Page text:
It was a night of pure psychedelic/prog rock heaven at The Hollow in Albany on Saturday, March 18 as the musical explorations of Ampevene, Felix Martin and NYC-based headliner Consider the Source took the stage to an enthusiastic crowd of the band’s faithful fans.
First to take the stage was Ampevene, a locally based quartet founded by guitarist Gabe Stallman. The band’s roster includes Mack Hogan on bass, Darryl Kniffen on drums/percussion, and Ava Smith on keyboards. Their sound is a self-described eclectic mix of free form frenzy, jagged riffs, and hypnotic rhythms. Ampevene was formed in 2013 and since it’s inception has played Albany’s coveted Lark Street festival in 2015. They also have produced three EPs, the latest of which is entitled Rometheu which the band chose as the opener for the show. It was one of the only times throughout the night they blended lyrics with the incredible instrumental skills of the band. One of the high points of the hour long set in my opinion was the use of imaginative sounds that were crafted by talented keyboardist Ava Smith. They provided a beautiful sonic layer that enhanced the psychedelic musical experience that Ampevene created early in the evening.
After a brief break in the action the musical journey continued with the talent of Venezuelan guitarist Felix Martin whose claim to fame is being able to simultaneously play two guitars at once. His website describes his amazing skill in this way, “Felix uses his self-designed 14 and 16-string guitars, which are two regular guitars in one, in a way never seen or heard before.” Felix and his band which is comprised of bassist Killian Duarte and drummer Victor Carracedo are currently wrapping up their 10 date tour with Consider The Source while promoting their newly released album Mechanical Nations.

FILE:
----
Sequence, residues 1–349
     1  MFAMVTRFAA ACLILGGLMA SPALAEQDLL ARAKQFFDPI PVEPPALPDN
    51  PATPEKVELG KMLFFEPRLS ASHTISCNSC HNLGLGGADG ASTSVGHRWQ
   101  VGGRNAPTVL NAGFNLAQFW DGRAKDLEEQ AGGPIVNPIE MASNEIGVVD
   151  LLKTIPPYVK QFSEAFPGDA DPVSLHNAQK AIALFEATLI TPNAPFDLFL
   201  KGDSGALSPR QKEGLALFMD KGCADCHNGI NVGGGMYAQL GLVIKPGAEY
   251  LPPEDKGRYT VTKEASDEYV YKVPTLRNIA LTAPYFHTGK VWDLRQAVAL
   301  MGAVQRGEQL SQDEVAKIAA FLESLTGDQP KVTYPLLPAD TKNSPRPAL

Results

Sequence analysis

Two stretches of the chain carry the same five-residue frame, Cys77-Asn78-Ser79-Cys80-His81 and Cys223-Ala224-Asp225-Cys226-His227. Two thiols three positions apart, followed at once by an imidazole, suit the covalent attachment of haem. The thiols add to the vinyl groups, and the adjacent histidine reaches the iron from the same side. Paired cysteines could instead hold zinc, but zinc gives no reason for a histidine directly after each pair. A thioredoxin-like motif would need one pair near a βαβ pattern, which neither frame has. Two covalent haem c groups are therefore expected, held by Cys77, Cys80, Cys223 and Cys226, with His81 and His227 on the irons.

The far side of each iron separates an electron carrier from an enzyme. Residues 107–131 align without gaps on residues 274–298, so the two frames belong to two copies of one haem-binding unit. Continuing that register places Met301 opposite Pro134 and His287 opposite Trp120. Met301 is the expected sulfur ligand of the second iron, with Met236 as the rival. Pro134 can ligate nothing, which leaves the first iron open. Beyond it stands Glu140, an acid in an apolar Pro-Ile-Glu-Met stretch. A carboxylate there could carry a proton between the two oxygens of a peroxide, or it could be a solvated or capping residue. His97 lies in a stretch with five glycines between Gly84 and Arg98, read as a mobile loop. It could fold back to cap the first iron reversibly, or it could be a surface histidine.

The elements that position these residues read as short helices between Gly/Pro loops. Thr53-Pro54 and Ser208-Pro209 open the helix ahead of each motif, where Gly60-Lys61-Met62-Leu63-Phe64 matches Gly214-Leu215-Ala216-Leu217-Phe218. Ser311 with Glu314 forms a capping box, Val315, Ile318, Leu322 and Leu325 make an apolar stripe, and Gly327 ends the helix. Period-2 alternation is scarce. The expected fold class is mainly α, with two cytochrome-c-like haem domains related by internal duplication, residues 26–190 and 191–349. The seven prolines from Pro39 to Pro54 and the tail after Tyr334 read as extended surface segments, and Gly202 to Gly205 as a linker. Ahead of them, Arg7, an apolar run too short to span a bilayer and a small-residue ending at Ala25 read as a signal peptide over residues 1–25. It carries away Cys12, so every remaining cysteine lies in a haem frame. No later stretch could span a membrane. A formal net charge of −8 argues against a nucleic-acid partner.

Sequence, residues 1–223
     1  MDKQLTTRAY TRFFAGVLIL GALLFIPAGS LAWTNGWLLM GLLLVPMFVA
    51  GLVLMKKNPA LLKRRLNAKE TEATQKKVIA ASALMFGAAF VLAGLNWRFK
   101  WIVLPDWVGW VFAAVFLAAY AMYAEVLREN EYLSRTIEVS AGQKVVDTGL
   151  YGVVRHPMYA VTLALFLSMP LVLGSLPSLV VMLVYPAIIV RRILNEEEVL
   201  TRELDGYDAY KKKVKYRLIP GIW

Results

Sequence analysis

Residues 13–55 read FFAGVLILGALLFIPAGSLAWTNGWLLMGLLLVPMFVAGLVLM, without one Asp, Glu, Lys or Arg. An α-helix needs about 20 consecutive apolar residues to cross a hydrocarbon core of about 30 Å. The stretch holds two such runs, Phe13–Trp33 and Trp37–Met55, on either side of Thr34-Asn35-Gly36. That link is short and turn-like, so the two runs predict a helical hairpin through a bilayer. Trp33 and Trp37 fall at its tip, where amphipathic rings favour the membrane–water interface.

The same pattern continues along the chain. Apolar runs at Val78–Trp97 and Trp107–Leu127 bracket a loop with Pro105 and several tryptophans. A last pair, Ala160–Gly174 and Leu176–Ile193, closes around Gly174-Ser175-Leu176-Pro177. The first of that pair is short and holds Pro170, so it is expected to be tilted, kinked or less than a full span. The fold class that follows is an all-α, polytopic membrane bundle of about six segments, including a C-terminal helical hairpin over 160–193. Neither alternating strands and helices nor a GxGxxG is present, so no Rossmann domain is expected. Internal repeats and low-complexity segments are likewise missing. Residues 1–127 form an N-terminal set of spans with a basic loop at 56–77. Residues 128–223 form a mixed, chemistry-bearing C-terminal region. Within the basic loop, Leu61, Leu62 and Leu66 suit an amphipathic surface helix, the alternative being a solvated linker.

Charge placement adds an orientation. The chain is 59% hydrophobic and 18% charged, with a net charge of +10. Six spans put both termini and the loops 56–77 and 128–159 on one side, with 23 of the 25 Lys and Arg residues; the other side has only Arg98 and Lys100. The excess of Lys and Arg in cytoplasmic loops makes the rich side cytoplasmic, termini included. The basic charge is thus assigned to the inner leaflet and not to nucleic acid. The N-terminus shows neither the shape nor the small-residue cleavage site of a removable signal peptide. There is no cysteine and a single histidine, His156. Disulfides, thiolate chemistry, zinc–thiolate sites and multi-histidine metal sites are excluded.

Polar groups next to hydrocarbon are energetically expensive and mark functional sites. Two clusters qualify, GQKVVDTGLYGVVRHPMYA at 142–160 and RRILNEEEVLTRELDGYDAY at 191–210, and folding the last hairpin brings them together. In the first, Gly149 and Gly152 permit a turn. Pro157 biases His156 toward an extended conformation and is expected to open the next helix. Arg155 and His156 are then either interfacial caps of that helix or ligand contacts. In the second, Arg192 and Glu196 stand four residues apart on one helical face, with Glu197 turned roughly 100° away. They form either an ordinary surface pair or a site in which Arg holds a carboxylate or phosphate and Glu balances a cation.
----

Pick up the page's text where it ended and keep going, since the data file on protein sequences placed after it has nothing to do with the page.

Felix and his band started their show with “Carnat,” which showcased the slap style guitar playing Felix is renowned for on an instrument that looks like it was cooked up in Frankenstein’s lab. Two separate guitars attached together at the neck in a most unnatural way, but yet yields wondrous results at the hands of guitar virtuoso Martin. Up next was newly released “Bom,” which illustrated how tight the band plays as an ensemble ever pleasing the crowd with it’s upbeat hypnotic tempo. Midway through the show bassist Killian Duarte aptly stated to the energized audience “Let’s keep things heavy and proggy” and they did not disappoint. The tone of the show was aggressive with the three piece creating a wall of sound that was reminiscent to Primus, featuring lots of chest cavity pumping bass with head bouncing percussion.